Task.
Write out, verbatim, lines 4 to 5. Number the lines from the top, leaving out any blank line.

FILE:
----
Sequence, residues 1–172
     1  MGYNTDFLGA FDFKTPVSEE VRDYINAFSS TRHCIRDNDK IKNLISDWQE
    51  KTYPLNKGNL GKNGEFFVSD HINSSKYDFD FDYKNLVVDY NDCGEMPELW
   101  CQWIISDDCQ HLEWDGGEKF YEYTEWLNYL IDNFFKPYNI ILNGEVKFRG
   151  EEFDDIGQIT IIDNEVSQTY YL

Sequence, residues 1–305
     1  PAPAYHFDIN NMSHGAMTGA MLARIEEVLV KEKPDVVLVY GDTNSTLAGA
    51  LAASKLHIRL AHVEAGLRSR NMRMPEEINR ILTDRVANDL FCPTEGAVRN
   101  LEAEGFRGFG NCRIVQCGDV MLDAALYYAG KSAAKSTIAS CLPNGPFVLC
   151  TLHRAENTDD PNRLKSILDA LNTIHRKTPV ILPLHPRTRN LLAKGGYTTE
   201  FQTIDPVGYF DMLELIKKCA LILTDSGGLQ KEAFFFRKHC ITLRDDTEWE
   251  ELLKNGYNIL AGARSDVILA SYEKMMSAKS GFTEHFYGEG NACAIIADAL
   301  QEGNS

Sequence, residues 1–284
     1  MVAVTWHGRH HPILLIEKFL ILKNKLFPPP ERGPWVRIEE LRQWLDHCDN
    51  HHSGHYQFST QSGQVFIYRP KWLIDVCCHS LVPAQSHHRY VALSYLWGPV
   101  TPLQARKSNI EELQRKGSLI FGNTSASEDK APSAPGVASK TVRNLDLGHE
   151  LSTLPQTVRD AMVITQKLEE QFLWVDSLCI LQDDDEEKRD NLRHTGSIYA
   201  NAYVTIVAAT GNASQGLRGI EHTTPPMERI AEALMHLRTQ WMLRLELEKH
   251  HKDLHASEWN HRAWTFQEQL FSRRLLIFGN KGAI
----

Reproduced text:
   101  CQWIISDDCQ HLEWDGGEKF YEYTEWLNYL IDNFFKPYNI ILNGEVKFRG
   151  EEFDDIGQIT IIDNEVSQTY YL